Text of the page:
Breastfeeding your baby may be one of the most satisfying and fulfilling things you’ll ever do in your life. But when you’re jiggling your crying baby and wondering if she’s still hungry even though she’s been nursing for seemingly hours on end, satisfaction and fulfillment may be replaced with frustration.

About 3 out of every 4 new moms in the United States start out breastfeeding their babies, but many stop either partially or completely within the first few months.

One of the biggest reasons many new mothers head for the formula? They’re worried that they don’t have enough milk to satisfy the bottomless pit that is baby’s stomach. The struggle is real.

Keeping in mind that most women do have a sufficient milk supply — and even make more than one-third more milk than their babies need — you still may have circumstances that prompt you to want to try and boost production. That’s where natural treatments like fenugreek might come in.

Fenugreek has been used for centuries by breastfeeding women looking to boost their supply. But does it work?

Fenugreek (Trigonella foenum-graecum) is an herb that grows to around 2 to 3 feet (60 to 90 centimeters) tall. It has small, white flowers and each green leaf divides into three smaller leaves.

You may have come across fenugreek without knowing it: The herb has a maple-like taste that’s used to add flavor to artificial maple syrup, and the ground seeds are used in curries. These small golden seeds are what we’re interested in.

A 2018 review of studies of 122 mothers who took fenugreek showed that the herb really did increase — significantly increased, in the words of analysts — the amount of milk they produced.

And a 2018 study compared 25 mothers who took a super-mix of fenugreek, ginger, and turmeric with 25 mothers who took a placebo.

Voila! The mothers who took the super-mix had a 49 percent increase in milk volume at week 2 and a 103 percent increase at week 4. (But again, this study looked at an herbal mix rather than just fenugreek. The fenugreek is assumed to have contributed.)

Researchers aren’t quite sure why fenugreek works. It may have something to do with the phytoestrogens (plant chemicals similar to estrogen) that fenugreek contains.

If you’re looking for these benefits in your own life, you probably want to know about how much fenugreek will do the trick.

Herbal tea drinkers can simply steep 1 teaspoon of whole fenugreek seeds in a cup of boiling water for about 15 minutes and sip at leisure two or three times a day.

If you’re looking for a more concentrated form of fenugreek, you may want to try capsule supplements. A good dose is usually 2 to 3 capsules (580 to 610 milligrams per capsule) three or four times per day, but check package instructions.

Fenugreek capsules work fast, so lucky moms will probably see an increase in milk production in as little as 24 to 72 hours. Others may have to wait about 2 weeks — and sometimes fenugreek just isn’t the answer.

Before you start, remember that herbal supplements aren’t regulated in the same way that prescription drugs are. Check with your doctor or lactation consultant before taking any herbal remedy, and stick to trusted brands.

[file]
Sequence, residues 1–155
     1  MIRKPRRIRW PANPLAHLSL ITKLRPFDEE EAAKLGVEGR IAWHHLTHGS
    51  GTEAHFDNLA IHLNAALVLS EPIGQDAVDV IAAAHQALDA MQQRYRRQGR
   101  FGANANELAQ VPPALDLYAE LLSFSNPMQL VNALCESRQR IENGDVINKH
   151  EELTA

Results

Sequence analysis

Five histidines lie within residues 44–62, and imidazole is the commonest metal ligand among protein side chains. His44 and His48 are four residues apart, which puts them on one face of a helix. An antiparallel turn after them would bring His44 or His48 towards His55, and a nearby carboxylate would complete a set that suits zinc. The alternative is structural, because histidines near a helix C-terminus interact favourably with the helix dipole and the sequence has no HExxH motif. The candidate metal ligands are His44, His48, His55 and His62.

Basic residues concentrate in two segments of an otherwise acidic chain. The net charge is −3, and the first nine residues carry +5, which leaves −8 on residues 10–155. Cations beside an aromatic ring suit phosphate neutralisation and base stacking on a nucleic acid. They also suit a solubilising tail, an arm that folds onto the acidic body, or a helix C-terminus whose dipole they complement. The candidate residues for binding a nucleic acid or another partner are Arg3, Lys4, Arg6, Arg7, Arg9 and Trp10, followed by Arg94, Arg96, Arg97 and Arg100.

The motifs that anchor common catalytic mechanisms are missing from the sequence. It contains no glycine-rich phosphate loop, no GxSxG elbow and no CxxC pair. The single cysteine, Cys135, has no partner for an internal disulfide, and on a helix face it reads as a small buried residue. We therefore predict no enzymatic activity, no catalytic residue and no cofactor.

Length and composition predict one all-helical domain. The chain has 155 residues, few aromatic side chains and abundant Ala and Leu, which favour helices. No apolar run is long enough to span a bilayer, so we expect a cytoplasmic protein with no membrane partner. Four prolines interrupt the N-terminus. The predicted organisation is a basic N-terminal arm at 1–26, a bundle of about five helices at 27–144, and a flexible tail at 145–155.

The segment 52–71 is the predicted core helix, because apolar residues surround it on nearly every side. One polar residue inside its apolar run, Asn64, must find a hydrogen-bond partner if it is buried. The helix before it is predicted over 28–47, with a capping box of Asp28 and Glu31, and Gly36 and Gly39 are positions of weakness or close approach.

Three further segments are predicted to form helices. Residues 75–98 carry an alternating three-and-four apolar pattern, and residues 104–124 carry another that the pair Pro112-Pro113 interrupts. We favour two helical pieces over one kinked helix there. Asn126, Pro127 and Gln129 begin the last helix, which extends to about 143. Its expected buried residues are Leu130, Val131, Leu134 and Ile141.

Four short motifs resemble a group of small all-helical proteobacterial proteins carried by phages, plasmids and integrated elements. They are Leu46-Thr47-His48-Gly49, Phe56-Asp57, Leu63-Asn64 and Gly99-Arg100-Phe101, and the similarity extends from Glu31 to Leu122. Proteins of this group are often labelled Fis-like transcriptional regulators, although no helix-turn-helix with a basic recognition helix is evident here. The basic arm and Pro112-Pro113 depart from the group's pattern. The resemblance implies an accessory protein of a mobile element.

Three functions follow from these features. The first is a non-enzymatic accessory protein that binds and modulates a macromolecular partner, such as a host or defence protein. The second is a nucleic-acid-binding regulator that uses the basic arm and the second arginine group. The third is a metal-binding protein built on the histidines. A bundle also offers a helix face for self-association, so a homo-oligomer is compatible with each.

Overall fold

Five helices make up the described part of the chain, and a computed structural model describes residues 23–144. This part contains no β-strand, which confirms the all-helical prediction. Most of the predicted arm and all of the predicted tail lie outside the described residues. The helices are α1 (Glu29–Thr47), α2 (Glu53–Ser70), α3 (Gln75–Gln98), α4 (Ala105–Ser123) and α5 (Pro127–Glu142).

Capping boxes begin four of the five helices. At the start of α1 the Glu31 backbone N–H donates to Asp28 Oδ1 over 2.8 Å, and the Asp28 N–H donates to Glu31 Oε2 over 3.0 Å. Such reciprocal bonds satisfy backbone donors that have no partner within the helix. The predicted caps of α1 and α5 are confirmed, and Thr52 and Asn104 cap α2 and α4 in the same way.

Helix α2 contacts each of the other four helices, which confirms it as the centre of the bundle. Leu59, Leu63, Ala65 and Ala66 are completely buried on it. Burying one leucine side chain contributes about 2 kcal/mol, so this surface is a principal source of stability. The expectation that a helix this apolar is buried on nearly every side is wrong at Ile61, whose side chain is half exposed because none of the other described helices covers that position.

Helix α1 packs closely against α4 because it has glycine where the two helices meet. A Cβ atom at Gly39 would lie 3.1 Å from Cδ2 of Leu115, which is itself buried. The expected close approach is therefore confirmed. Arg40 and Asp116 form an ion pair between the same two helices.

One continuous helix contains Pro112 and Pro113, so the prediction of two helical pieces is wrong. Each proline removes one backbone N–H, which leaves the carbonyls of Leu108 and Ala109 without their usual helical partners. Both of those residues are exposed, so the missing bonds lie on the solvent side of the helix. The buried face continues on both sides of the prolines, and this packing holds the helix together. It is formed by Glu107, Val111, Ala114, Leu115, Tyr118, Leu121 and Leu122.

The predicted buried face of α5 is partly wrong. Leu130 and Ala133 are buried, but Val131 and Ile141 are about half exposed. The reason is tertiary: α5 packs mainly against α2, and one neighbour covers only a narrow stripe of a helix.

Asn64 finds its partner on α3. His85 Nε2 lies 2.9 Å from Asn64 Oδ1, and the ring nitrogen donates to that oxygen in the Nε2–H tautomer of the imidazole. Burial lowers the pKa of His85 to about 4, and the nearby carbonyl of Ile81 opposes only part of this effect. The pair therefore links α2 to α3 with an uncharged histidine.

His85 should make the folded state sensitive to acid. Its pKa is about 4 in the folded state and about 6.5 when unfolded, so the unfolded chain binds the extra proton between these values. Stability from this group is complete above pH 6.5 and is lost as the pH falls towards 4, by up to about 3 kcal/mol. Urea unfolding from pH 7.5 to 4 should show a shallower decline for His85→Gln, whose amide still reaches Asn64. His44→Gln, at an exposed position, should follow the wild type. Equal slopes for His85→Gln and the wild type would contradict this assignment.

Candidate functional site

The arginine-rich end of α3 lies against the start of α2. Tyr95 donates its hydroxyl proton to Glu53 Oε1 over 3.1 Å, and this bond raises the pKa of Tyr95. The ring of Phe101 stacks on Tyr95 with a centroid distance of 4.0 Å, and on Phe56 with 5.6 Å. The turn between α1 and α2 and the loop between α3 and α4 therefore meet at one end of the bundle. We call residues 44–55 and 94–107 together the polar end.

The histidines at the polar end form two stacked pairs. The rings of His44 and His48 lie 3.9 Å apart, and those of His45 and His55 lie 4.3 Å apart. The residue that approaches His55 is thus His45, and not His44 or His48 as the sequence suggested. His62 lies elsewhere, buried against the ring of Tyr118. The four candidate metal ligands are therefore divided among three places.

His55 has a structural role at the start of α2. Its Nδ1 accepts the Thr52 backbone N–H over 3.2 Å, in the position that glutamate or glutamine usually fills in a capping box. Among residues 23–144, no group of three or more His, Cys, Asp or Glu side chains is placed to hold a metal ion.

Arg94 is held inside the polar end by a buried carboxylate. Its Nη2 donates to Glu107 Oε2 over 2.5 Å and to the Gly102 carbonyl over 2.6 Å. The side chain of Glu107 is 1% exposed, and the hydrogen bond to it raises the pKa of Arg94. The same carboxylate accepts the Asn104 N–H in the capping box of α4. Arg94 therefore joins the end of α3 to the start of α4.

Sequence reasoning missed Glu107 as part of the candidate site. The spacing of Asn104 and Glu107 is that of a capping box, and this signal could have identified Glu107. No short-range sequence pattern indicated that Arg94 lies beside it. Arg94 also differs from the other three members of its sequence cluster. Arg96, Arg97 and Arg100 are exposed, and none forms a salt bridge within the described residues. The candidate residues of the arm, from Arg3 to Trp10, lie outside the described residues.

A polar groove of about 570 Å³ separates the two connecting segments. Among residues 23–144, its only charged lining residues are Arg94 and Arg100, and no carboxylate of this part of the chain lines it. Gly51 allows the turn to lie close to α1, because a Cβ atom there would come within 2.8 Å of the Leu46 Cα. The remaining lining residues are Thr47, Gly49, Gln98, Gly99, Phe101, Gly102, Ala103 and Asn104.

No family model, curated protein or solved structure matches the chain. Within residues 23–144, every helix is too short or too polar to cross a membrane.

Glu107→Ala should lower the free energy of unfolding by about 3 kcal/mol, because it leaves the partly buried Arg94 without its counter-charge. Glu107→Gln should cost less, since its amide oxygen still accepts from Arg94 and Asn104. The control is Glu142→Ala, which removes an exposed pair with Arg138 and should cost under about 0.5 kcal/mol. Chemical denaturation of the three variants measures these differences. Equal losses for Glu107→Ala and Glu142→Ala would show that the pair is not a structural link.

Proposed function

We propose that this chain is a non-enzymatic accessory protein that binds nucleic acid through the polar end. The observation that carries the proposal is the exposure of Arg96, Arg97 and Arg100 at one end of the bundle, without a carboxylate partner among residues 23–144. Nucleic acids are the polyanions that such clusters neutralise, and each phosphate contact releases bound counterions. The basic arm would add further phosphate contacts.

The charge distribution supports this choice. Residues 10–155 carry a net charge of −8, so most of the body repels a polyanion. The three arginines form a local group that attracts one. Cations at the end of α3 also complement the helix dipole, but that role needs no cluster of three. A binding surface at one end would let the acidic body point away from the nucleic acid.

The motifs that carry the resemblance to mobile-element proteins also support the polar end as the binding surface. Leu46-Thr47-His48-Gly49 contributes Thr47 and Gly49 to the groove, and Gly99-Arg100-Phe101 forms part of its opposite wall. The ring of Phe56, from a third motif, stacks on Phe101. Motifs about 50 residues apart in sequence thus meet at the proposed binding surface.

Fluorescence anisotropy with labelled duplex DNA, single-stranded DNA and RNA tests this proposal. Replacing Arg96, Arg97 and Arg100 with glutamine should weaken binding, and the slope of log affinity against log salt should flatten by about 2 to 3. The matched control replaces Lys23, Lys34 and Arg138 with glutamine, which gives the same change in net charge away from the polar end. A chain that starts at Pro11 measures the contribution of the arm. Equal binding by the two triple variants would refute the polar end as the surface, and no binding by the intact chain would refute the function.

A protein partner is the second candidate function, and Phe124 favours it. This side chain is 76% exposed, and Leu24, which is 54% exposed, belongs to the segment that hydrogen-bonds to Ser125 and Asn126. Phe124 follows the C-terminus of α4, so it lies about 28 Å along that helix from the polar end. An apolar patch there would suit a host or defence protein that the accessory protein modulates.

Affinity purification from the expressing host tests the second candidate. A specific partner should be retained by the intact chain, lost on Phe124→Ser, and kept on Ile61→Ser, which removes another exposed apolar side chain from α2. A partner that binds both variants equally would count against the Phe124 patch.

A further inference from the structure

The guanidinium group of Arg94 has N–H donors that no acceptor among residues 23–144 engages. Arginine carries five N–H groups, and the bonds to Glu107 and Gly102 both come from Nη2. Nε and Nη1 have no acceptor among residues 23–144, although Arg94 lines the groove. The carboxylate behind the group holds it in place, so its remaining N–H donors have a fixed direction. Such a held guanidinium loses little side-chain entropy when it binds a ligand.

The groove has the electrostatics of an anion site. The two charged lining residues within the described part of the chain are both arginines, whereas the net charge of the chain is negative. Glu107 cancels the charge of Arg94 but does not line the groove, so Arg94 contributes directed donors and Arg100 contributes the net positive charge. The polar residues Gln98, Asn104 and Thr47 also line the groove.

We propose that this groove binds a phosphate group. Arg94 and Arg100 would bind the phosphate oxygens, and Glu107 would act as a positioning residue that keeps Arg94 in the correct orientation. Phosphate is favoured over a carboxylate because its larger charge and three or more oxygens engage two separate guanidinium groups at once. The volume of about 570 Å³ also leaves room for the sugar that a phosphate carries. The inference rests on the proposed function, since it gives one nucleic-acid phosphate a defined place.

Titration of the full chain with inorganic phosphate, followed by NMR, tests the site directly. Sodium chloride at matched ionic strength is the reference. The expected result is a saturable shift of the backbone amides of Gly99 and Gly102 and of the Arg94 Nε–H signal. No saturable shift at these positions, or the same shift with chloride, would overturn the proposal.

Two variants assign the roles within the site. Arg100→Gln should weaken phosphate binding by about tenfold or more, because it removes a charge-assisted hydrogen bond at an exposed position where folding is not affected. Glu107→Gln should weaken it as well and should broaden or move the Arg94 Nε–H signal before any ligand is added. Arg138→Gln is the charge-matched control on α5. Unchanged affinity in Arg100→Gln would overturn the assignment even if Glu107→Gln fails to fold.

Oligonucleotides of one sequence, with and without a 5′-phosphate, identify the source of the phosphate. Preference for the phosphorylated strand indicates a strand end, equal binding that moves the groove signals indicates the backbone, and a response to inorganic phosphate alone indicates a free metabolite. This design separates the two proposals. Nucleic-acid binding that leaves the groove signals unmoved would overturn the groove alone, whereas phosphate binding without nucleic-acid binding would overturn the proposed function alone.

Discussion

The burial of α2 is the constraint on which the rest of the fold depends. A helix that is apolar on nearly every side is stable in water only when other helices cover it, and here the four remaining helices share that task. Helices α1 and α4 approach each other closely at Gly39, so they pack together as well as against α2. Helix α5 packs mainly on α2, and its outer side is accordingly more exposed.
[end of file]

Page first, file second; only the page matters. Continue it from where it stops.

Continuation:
Remember the study with 25 breastfeeding moms? The good news is that no adverse effects were recorded. And fenugreek is on the Food and Drug Administration (FDA) GRAS list (it’s “generally recognized as safe”).

But LactMed — a database of drug info as it relates to lactation — does report some concerns. It says fenugreek is mostly “well tolerated,” but some of the more common potential side effects include:

  • vomiting
  • nausea
  • gas
  • diarrhea
  • urine that smells like maple syrup

Here’s also an important point to remember: If you’re pregnant, you’ll want to stay away from fenugreek — it can cause uterine contractions.

Fenugreek is also likely safe for your baby. A 2019 study compared moms taking Mother’s Milk herbal tea — an all-natural tea containing fruits of bitter fennel, anise, and coriander, fenugreek seed, and other herbs — with a test group who drank lemon verbena tea.

Study participants kept detailed diaries. No one reported any adverse effects in their baby during the 30-day study or the first year of their babies’ lives.

There are no reported interactions with other drugs for those taking fenugreek to increase milk production. But there’s some evidence that fenugreek reduces blood glucose levels, so women who have diabetes may need to adjust their insulin dosage.

It may also interact with blood thinners like warfarin. Check with your doctor before taking fenugreek or other herbal supplements, especially if you take prescription drugs or have diabetes.

If you don’t like the idea of trying fenugreek to increase your milk supply, here are some supplements that you might prefer.

  • In the 2018 review of studies, researchers found that palm dates and Coleus amboinicus Lour, a perennial plant that smells and tastes like oregano (pizza anyone?) increased milk production even better than fenugreek supplements.
  • Fennel seeds make a great tea that seems to help increase milk production.
  • Blessed thistle is another tea that you can brew from the dried herb.

Modifying the way you breastfeed can also help to increase your supply. Try to:

  • breastfeed often
  • pump between feedings
  • feed from both sides each time you cuddle up with your baby

With these strategies, you’ll probably notice that your milk supply is increasing and that you’ve become a pro.

Breastfeeding is an art. (Do we have you thinking of those dreamy paintings of suckling infants?) But it’s not always easy. Fenugreek may help, especially if you have concerns about supply.

If you’re still finding that breastfeeding your little one is a challenge, check with your doctor or lactation consultant — herbal remedies won’t solve all milk supply problems.